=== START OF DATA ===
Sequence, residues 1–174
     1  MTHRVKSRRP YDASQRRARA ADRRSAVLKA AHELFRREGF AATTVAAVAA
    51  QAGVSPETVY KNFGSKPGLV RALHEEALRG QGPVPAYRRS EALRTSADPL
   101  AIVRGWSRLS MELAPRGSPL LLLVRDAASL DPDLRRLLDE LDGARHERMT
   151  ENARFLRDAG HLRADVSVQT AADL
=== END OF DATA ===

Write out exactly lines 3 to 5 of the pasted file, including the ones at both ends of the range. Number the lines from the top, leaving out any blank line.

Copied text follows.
    51  QAGVSPETVY KNFGSKPGLV RALHEEALRG QGPVPAYRRS EALRTSADPL
   101  AIVRGWSRLS MELAPRGSPL LLLVRDAASL DPDLRRLLDE LDGARHERMT
   151  ENARFLRDAG HLRADVSVQT AADL